The revolution in Syria has put thousands of gay people at high risk of torture and death from all fighting sides–Islamist extremists, Assad loyalists and opposition rebels. It is currently one of the most dangerous places in the world to be a LGBT person. There is no mercy from any of these warring parties. The only escape is to another country or to hide by joining one of the fighting force to protect one’s family and self–and risk killing other gays who are arrested or suspected.
The following report was filed by Haley Bobseine, Head of the Iraqi Refugee Assistance Project Middle East program in Beirut who urges more attention to LGBT refugees at risk.
Being Gay In Syria Today
December 9, 2013
When Syrian rebels took Racca last March, one would have thought that the capture of this northern city that was previously controlled by the regime of President Bashar al-Assad would suffice them.
They do not get involved in the private lives of citizens by Amir, a Syrian from the city .
This quiet period did not last unfortunately . When Islamic groups like the Islamic State of Iraq and the Levant (ISIS) and the Frente al-Nosra, both related to al-Qaeda , began to rise in power they imposed their interpretation of Islamic justice on the population. “Little by little, they began to cleanse the city of its non-Islamic elements, says Amir. Moreover, there are courts and trials and with them they may decide to behead you. ”
Racca life quickly became impossible for Amir, who is gay. He managed to flee to Beirut. It is not safe to be sought by the jihadists. “Before, with the Syrian government, we could get away with pots of wine,” he explains. “But some people are so religious that they reject pots of wine. ”
While the violence in Syria continues, many people have fled to their ethnic or religious communities to find protection. But unlike other minority groups like Christians, Kurds and Alawites, sexual minorities, particularly homosexuals, enjoy no protection from political, ethnic or religious institutions. Syrian homosexuals are nowhere safe across the country. They are both attacked by militant regimes and pro-Islamist militia, sometimes because of their sexual orientation, but also because they are seen as an easy prey to rob in the midst of a chaotic war.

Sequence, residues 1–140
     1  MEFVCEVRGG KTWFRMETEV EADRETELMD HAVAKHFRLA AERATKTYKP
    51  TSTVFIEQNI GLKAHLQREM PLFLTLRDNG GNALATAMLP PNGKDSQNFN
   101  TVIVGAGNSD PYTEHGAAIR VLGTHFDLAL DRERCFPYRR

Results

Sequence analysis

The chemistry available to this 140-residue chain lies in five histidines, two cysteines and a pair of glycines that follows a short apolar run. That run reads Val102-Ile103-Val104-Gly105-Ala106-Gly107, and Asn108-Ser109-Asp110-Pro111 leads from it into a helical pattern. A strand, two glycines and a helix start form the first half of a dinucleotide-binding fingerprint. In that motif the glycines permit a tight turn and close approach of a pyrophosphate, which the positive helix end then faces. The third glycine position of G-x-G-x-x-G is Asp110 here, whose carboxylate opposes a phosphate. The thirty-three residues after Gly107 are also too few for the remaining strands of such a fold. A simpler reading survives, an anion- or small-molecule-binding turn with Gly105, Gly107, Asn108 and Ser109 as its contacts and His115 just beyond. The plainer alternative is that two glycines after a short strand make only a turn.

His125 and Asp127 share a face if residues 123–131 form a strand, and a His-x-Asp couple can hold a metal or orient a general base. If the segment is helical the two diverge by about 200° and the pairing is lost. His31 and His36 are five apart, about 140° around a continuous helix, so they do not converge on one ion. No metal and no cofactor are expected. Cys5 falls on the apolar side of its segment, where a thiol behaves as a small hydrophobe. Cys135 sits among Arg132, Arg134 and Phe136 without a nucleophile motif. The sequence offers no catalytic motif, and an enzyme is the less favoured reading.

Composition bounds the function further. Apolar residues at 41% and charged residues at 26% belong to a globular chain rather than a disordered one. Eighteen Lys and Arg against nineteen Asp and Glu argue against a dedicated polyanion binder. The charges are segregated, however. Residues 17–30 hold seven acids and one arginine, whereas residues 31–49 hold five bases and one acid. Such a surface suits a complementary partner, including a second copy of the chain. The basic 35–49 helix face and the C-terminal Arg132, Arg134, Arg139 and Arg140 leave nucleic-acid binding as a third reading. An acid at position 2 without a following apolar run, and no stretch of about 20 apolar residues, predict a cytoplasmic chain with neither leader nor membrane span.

Violence that can lead to death
As program manager project support to Iraqi refugees (IRAP), I had the opportunity to interview dozens of gay Syrian refugees who fled to Lebanon to escape persecution. The IRAP provides legal assistance to refugees of all nationalities to help them resettle. Many gay Syrians agreed to testify to help me write this article without it being linked to the assistance they received from IRAP. During our conversations, these men have described a culture of truly shocking violence, even when taking into account the innumerable and unbelievable violations of human rights committed by Syria.
Homosexuals who are still in Syria must avoid detection since their capture may be a mortal threat. Amir remembers one of his gay friends, Badr, who was kidnapped last summer by the Frente al-Nosra before being tortured for information about other gays and then executed. “A few days later, Frente al-Nosra people gathered in the square and denounced another man saying he was gay,” says Amir. “Then they cut off his head with a sword.”
All this violence seems not only related to Islamic beliefs. It might also be caused by a simple desire to manifest power and authority. Some homosexuals have themselves participated in acts of violence against their peers in clear conscience since they risked being unmasked.
Amir’s friend Imad tells the story of a homosexual acquaintance who is currently fighting alongside an Islamist group. “He slept with one of my gay friends for money, and then he disappeared for a few months. In fact, he was taking military training abroad. He came back with a long beard. He is surely motivated by money and the protection the Islamists can provide.”
Refugees fleeing the violence in Syria avoid the areas controlled by the group which they fear, but in the case of homosexuals areas, violence is not confined to one geographical area. A resident of Damascus, Najib, fled his home after his brother found out he was gay. His fear led him to enter a suburb of the capital controlled by the rebels where he began a close relationship with an Islamist fighter. The head of the brigade, a conservative Muslim, began to have suspicions about their relationship, forcing Najib to flee again to take refuge in a suburb closer to the city.